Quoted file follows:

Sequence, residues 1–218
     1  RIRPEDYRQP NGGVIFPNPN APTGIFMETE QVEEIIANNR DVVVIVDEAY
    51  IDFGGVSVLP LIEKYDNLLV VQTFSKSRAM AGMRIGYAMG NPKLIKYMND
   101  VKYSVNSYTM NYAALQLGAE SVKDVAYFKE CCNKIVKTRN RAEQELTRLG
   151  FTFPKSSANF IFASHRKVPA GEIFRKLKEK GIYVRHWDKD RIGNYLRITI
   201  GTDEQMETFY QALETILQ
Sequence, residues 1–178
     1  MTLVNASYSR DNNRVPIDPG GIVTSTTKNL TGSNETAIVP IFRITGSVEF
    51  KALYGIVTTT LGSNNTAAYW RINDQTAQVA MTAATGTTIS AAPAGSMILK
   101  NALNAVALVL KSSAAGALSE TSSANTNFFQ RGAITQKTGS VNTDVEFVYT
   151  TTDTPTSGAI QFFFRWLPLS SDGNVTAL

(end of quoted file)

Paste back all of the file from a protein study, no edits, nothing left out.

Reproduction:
Sequence, residues 1–218
     1  RIRPEDYRQP NGGVIFPNPN APTGIFMETE QVEEIIANNR DVVVIVDEAY
    51  IDFGGVSVLP LIEKYDNLLV VQTFSKSRAM AGMRIGYAMG NPKLIKYMND
   101  VKYSVNSYTM NYAALQLGAE SVKDVAYFKE CCNKIVKTRN RAEQELTRLG
   151  FTFPKSSANF IFASHRKVPA GEIFRKLKEK GIYVRHWDKD RIGNYLRITI
   201  GTDEQMETFY QALETILQ
Sequence, residues 1–178
     1  MTLVNASYSR DNNRVPIDPG GIVTSTTKNL TGSNETAIVP IFRITGSVEF
    51  KALYGIVTTT LGSNNTAAYW RINDQTAQVA MTAATGTTIS AAPAGSMILK
   101  NALNAVALVL KSSAAGALSE TSSANTNFFQ RGAITQKTGS VNTDVEFVYT
   151  TTDTPTSGAI QFFFRWLPLS SDGNVTAL